Specifically, children in two-parent homes were more likely to stay on track in school and have higher literacy, both of which are critical to overall educational success.
(CNN) - A Florida mother concerned about safety has donated more than $11,000 so that armed deputies can patrol the elementary school where her child attends, Flagler County Public Schools said Tuesday.
Laura Lauria made the decision to donate the money to the school district after the mass shooting in Newtown, Connecticut, where 20 young students were gunned down, said Principal Nancy Willis of Old Kings Elementary School.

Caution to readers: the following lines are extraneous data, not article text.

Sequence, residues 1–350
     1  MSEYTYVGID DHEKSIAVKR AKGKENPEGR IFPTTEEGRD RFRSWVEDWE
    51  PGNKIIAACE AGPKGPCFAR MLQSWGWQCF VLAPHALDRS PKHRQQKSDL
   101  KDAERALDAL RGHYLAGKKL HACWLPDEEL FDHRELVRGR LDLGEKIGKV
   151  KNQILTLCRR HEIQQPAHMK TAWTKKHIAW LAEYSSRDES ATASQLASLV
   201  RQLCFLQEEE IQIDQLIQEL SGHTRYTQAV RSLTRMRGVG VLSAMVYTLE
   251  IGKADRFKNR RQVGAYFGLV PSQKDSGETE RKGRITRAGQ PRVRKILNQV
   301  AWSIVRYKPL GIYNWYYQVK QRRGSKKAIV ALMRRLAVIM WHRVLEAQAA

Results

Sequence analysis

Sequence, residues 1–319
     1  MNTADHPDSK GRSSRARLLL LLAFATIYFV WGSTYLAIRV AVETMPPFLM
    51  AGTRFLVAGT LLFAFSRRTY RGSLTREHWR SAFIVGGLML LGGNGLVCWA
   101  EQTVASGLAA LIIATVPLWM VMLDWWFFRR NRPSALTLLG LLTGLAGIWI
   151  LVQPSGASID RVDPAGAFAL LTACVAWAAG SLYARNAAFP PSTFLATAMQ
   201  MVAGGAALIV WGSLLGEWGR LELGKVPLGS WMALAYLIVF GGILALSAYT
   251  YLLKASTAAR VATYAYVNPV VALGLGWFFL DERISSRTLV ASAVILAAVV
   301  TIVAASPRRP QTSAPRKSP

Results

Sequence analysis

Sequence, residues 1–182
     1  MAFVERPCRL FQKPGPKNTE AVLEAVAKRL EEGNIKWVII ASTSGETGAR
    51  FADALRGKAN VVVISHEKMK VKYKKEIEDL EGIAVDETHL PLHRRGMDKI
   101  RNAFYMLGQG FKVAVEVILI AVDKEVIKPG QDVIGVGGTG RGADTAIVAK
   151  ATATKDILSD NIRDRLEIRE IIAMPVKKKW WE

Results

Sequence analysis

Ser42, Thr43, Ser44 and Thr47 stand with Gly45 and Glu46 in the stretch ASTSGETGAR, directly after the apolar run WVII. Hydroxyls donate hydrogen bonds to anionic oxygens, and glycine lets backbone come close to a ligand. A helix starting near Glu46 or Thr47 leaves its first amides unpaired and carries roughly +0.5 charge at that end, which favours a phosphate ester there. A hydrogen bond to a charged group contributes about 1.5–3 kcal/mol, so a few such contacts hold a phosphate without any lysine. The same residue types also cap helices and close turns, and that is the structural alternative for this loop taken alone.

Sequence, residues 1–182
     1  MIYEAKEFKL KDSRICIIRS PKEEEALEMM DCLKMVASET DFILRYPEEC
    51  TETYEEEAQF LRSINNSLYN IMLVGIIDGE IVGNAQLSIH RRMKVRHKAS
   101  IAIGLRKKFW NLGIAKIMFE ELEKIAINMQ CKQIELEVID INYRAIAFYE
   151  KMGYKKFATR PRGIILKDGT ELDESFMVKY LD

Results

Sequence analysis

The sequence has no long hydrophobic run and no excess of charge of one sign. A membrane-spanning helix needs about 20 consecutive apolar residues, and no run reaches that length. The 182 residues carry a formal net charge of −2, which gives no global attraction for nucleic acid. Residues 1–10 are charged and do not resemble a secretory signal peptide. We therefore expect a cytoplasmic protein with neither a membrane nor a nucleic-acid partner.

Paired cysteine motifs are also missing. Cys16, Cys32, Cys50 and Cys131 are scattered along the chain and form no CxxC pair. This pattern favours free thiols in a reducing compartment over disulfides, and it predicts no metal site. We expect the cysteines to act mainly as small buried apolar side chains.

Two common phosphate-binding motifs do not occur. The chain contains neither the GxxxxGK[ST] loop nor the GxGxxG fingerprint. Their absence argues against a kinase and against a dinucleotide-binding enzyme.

Lauria did not want to be interviewed, Willis said, and she could not be immediately reached by CNN.
"I spoke to her this morning and she may release a statement later today," Willis said. "We were very pleased because of the safety of our children and employees."
The money will help pay for a "rotation of deputies" to patrol the perimeter and hallways of the elementary school through the end of the school year. The program began about a week ago, Willis said.
The school, about 20 miles north of Daytona Beach, has 1,165 students.
The Flagler County school board is looking into "having deputies at all five of [its] elementary schools," Superintendent Janet Valentine told CNN. A plan to have deputies in all schools will be presented to the school board in February, she said.
"There's been some indication from the sheriff that they could assist with the cost," Valentine said.
By Miriam Gamoran Sherin, Special to CNN